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Legal personhood for non-human animals (Part 2)

To argue that human beings are better would be to ignore the ways in which other animals are unique in their own way, and the courts need to be reminded that we, as human beings, are still animals.

LINDA ROLAND DUNILL: ‘One of the things that is implied in the refusal to grant personhood to non-human animals, in my view, is the strong aversion to the notion that one day a human being may find his or rights trumped by those of a non-human animal… To argue that human beings are better would be to ignore the ways in which other animals are unique in their own way. Therefore, an inversion of thinking needs to occur, and the courts need to be reminded that we, as human beings, are still animals… As scientific advancements mean that we increasingly understand different animal species better, it may very well be that different animal species will begin to be treated differently under the law in accordance to their species specific needs.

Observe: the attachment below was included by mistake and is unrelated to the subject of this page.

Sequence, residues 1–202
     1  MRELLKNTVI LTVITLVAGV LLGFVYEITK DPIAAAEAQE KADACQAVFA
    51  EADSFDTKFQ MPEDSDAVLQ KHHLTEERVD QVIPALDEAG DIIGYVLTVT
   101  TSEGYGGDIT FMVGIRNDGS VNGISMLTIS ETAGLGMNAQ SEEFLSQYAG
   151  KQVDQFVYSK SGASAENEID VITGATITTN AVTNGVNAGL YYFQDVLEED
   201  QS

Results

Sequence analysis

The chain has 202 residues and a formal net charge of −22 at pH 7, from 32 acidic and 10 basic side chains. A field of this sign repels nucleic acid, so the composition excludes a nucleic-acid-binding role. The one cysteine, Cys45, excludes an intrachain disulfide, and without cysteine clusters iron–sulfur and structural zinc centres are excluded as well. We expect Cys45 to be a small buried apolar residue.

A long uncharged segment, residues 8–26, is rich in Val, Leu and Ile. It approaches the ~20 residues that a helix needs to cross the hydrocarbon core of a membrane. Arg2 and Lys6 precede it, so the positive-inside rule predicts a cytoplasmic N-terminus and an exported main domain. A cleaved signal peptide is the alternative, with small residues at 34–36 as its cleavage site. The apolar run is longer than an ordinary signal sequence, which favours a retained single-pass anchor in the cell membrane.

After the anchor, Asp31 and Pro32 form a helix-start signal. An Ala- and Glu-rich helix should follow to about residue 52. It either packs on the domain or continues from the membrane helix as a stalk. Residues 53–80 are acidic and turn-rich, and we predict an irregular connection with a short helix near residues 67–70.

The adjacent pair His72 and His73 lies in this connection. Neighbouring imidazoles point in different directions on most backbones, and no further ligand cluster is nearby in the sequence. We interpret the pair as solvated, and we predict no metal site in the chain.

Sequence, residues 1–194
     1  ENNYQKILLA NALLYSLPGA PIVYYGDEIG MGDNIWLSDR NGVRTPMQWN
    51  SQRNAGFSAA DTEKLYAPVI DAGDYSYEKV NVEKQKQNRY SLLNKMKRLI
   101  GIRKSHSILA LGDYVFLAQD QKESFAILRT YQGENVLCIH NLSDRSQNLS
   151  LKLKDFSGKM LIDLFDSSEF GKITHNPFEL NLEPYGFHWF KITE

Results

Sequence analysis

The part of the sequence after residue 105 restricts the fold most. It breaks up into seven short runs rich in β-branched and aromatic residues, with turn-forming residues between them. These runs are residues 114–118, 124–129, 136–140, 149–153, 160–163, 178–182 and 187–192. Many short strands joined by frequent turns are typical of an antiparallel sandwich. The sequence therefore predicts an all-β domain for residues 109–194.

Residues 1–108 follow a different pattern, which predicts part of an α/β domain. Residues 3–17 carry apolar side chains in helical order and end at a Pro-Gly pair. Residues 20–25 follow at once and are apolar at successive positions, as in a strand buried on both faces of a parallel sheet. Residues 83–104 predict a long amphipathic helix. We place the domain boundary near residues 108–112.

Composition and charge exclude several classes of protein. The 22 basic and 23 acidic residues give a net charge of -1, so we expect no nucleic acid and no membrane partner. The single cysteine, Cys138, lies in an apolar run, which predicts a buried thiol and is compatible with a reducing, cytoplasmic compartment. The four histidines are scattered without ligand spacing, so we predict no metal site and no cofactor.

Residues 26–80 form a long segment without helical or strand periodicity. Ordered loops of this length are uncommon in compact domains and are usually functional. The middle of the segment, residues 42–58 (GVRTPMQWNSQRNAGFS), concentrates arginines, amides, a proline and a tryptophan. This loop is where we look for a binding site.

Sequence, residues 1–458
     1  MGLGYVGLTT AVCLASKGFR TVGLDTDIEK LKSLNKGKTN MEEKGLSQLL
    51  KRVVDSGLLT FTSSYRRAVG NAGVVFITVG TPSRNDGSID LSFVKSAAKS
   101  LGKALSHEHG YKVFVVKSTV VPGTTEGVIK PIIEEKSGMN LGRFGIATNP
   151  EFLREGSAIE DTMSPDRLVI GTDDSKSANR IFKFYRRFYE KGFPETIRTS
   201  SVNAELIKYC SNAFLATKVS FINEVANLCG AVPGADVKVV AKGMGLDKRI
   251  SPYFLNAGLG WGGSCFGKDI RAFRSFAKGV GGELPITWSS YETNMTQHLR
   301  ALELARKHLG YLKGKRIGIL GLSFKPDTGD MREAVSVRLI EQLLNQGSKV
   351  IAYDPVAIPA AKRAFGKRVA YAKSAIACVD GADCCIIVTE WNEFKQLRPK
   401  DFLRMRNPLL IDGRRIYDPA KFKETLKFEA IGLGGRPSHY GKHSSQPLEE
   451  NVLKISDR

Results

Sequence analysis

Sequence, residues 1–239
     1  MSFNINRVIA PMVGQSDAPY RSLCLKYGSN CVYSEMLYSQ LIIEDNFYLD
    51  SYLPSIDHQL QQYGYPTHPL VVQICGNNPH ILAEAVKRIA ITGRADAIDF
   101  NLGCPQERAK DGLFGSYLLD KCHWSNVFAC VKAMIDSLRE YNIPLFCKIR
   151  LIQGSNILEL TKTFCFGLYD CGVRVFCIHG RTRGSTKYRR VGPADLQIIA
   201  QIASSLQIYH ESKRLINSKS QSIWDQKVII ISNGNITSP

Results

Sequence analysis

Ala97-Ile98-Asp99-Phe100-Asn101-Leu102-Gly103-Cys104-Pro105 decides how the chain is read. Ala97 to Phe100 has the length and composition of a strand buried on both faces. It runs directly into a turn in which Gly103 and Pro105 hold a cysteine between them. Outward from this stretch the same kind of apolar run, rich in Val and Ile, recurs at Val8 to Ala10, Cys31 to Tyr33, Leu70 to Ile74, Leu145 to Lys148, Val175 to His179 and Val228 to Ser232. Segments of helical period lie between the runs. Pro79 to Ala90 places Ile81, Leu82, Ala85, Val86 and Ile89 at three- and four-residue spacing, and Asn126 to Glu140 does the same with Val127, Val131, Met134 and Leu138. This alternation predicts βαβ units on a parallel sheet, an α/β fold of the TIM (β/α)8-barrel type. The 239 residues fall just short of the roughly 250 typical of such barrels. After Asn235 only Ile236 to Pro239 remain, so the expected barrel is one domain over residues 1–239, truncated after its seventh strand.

However, the present paralysis in this area of law means that all animals suffering in captivity end up being unfairly boxed under the categorization of ‘property’ – a violent simplification that is borne of the fact that there are a number of animal species, idiosyncratic in their own way, and who serve human beings in different ways, if at all. That is to say, they are all boxed in the same category as ‘property’ because it is just easier that way – and they all continue to suffer because we are too lazy or it is ‘too hard’ to try and change things’. SOURCE…

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